Evolution of tail risk during the global financial crisis (2008)

  • Diya Lulla

    Student thesis: Doctoral ThesisDoctor of Philosophy


    The primary objective of this thesis is to understand the behaviour of extreme events taking place in the foreign exchange (FX) and stock exchange (SX) markets around the Global Financial Crisis using parametric and non-parametric methods. Specifically, it models the evolution of the extreme values and Black Swans measures of daily stock returns and volatility proxies from a set of more than thirty SX and FX markets and compares their statistical properties in the pre- and post-crisis periods.My findings suggest that irrespective of the modelling approach followed, there are substantial differences in the tail-behaviour of the two periods that cannot be accounted for by the mainstream mean-variance model although the identification of latent Non-linearities in the underlying mean and/or variance dynamics does indeed lead to a significant reduction in tail asymmetry and kurtosis. Moreover, the mainstream parametric models prove insufficient in encompassing the volatility tails. Consequently, this study demonstrates that during times of extreme financial turbulence in financial markets the existing financial risk models are inadequate to provide guidance for the probability of extreme events taking place and subsequently underlines the need for additional research on parsimonious models and for the use of encyclopaedic exercise of judgment in the real-world risk management.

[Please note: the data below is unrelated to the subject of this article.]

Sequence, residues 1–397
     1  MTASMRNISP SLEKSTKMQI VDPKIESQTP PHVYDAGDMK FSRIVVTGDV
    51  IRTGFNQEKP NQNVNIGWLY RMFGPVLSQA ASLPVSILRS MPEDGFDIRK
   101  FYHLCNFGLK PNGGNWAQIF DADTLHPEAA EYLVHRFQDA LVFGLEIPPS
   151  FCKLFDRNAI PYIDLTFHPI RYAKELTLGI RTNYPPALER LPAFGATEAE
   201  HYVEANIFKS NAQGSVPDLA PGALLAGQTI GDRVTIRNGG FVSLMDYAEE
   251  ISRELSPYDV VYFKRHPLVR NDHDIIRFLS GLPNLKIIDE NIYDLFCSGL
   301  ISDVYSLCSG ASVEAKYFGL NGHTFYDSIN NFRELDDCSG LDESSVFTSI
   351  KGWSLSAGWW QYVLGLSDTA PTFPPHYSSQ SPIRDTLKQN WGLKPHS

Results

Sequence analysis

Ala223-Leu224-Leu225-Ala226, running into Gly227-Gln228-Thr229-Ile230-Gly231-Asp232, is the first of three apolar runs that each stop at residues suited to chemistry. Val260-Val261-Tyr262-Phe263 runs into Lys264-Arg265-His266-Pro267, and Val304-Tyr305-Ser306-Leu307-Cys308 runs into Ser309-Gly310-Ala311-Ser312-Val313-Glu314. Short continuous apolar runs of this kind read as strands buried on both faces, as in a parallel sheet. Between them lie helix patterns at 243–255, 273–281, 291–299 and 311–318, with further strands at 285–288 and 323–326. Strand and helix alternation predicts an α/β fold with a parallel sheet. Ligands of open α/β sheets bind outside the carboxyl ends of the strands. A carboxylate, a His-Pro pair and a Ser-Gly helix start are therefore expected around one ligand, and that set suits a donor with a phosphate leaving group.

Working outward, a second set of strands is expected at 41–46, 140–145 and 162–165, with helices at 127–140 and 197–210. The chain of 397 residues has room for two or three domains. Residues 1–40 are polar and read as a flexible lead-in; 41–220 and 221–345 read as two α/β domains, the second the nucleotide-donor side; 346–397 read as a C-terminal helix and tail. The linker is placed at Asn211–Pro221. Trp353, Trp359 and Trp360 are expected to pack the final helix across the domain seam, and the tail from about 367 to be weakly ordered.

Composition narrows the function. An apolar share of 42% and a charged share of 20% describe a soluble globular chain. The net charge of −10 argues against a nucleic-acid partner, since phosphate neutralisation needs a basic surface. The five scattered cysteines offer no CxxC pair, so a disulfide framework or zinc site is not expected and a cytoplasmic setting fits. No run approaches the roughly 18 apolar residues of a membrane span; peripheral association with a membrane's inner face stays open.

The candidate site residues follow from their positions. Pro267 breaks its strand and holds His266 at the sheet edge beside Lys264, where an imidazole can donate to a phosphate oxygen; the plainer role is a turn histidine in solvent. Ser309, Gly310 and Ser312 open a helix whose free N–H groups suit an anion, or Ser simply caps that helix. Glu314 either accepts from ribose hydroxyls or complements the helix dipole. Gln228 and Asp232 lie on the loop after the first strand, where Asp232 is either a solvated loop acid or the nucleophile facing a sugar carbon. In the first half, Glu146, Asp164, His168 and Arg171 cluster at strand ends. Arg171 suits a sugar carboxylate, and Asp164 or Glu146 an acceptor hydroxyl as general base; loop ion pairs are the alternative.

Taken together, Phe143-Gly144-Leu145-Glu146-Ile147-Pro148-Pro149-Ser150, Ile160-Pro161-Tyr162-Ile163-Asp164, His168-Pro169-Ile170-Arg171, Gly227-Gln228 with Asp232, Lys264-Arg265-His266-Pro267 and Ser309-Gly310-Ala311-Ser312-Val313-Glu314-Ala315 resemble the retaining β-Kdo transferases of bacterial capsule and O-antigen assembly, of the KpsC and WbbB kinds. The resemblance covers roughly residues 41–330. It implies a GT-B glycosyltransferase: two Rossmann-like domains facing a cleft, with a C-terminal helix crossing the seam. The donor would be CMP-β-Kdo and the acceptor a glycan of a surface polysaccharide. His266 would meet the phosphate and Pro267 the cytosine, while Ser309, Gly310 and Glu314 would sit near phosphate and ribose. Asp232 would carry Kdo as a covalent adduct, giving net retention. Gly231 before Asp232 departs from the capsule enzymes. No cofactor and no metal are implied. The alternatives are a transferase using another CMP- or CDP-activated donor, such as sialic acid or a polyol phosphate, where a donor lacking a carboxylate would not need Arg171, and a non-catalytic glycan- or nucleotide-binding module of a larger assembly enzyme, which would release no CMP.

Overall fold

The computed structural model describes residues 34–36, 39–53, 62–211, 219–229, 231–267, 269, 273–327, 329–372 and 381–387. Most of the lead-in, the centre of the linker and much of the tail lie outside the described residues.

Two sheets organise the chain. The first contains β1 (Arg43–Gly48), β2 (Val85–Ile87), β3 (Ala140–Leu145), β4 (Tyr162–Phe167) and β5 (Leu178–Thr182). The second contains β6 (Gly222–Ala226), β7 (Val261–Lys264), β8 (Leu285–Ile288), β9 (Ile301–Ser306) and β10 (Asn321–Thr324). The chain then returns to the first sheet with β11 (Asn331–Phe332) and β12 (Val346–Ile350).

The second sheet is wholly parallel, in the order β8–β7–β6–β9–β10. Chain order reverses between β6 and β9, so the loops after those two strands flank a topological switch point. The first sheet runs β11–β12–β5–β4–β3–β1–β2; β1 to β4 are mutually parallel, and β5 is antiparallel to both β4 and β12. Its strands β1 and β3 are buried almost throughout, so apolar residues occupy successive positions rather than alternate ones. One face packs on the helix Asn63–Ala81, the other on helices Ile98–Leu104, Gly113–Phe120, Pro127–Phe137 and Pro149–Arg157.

Date of Award2019
    Original languageEnglish
    SupervisorMichail Karoglou (Supervisor) & Jun Du (Supervisor)


    • extreme value theory
    • black swans
    • latent non-linearities
    • financial market returns
    • volatility of volatility

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